‘Five shots a day’? Bali celebrates first Arak Day

A man organises bottles of premium arak at the Arak Bali Day celebration in Nusa Dua, Bali, on Jan 29. - JP

NUSA DUA, Bali (The Jakarta Post/Asia News Network): Bali celebrated Arak Bali Day for the first time on Sunday (Jan 29) with an event in Nusa Dua promoting the traditional liquor distilled from the sap or fruit of palm trees.

“Through this Arak Bali Day celebration, I urge Bali people to utilise arak for proper reasons such as for traditional rituals, health and culinary applications. It is firmly banned to drink arak to get drunk and ruin your health,” said Bali Governor I Wayan Koster in December, when he announced that Arak Bali Day would be held.

The event featured arak-related celebrations involving Bali officials, hoteliers, entrepreneurs, farmers and club owners across Bali. Made with nira (flower extract) of coconut or sugar palm, arak is fermented and distilled by craftsmen in many villages across the island. The distinctive liquor has been a part of Balinese life for hundreds of years.

It is present at religious ceremonies, imbibed at celebrations and sneaked into public entertainment events, which these days include beach clubs and concerts.

Incidents of public intoxication, alcohol poisoning and even death due to improperly prepared arak have made it somewhat infamous, especially among tourists.

“Arak Bali is a traditional Balinese distilled liquor that is our cultural inheritance and needs to be protected, maintained, empowered, marketed and utilised to support cultural activities and empower the economy of the community,” Koster said.

Koster emphasised that arak was safe as long as it was consumed properly. The governor claimed he himself consumed arak every day, noting that a mix of arak and black coffee was his favourite daily supplement.

“I can have five shots of the mix every day, and I never get drunk. It’s good for our bodies,” he said.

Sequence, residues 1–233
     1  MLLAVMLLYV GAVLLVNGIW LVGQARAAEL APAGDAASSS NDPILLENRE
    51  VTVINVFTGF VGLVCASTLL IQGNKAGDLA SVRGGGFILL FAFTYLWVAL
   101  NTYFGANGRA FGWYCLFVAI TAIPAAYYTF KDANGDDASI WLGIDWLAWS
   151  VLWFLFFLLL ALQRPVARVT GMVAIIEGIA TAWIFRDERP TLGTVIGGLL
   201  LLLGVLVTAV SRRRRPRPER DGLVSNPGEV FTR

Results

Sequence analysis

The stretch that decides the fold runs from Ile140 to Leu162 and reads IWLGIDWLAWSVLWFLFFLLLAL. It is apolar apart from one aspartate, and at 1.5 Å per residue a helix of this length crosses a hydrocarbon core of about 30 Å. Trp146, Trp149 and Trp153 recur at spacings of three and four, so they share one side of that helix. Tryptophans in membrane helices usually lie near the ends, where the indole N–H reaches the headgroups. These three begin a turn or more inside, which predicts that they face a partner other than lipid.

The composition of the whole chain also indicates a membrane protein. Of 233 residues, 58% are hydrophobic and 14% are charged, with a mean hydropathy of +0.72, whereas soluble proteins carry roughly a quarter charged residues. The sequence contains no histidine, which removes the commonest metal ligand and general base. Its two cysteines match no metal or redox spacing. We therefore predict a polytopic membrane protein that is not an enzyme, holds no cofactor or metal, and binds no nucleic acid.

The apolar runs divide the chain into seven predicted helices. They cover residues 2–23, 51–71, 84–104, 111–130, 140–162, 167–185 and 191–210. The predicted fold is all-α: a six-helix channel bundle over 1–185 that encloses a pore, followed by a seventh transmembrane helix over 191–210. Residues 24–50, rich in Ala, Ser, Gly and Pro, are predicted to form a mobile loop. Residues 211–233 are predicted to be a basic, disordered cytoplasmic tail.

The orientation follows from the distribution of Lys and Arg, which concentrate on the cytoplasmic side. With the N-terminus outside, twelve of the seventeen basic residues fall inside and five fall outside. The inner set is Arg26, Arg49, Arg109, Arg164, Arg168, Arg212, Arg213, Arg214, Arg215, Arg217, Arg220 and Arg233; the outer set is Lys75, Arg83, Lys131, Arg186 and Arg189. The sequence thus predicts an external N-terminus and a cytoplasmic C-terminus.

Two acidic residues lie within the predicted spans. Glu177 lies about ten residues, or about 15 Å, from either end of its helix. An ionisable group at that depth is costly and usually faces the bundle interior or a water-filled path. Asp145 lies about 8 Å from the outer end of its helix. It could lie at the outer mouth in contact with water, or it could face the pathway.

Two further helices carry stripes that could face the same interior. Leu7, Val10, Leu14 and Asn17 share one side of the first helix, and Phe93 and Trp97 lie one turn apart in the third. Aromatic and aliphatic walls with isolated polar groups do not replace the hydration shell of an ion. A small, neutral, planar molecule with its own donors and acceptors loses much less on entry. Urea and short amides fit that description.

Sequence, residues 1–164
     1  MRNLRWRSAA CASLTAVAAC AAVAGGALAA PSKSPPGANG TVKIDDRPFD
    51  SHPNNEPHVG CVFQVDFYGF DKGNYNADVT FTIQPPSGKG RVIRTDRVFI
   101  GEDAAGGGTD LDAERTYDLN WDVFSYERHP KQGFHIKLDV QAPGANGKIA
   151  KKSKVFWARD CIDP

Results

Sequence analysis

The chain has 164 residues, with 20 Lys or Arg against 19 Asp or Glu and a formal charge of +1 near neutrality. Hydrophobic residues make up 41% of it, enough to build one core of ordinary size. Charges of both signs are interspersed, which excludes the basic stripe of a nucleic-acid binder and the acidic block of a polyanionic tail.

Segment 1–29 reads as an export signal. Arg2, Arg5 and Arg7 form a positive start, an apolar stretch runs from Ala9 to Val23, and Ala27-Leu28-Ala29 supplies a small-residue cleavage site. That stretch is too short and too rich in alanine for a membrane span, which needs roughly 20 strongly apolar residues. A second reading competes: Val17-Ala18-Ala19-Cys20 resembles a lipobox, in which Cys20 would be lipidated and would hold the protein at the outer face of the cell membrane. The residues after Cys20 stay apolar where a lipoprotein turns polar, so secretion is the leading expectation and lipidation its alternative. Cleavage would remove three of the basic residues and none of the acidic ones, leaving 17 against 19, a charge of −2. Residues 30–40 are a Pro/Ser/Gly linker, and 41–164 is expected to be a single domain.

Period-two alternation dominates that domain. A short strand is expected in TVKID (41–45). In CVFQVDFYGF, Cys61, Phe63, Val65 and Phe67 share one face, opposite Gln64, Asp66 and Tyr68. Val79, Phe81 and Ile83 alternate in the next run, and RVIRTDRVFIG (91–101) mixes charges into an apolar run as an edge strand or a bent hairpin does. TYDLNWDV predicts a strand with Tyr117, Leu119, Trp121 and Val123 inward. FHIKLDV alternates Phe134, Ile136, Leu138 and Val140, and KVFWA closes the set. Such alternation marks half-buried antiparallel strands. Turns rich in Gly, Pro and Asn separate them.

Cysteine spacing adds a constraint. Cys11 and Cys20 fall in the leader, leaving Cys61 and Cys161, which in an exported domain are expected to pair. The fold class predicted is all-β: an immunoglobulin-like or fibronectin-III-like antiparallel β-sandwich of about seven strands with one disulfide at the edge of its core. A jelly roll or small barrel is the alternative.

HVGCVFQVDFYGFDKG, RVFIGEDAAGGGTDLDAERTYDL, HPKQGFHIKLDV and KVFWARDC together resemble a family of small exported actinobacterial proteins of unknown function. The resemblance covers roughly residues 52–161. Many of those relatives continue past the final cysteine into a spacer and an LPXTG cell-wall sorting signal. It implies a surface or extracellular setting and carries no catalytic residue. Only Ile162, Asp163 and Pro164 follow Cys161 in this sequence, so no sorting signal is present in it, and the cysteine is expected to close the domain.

In 2014, the central government placed alcoholic drinks such as arak on its “negative investment list”, essentially banning foreign investment in the nation’s already flagging liquor industry.

While some welcomed the decree as an attempt to limit alcohol consumption’s ill effects, in regions with long cultural histories of alcohol consumption, resistance remains.

In 2020, Bali passed a local regulation providing a legal framework for the distillation and distribution of arak. The regulation requires independent arak makers and farmers to market their products through a cooperative that partners with selected factories to mass produce, bottle and package the liquor.

Last year, the Education, Culture, Research and Technology Ministry recognised the liquor as a form of intangible cultural inheritance.

I Ketut Sumerta, a farmer from Tri Eka Bhuana village in Karangasem, Bali, welcomed the provincial administration's efforts to develop the arak industry.

“Previously, I sold tuak [the palm wine from which arak is distilled] for only Rp 4,000 [27 US cents] to Rp 5,000 per litre. Now, I can sell it for around Rp 6,000 per litre” Sumerta said.

He said the new policy had made him feel more secure and accepted. “We used to be monitored by the police, but not anymore. I am very thankful for that,” he said.

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Indonesia , arak , Bali


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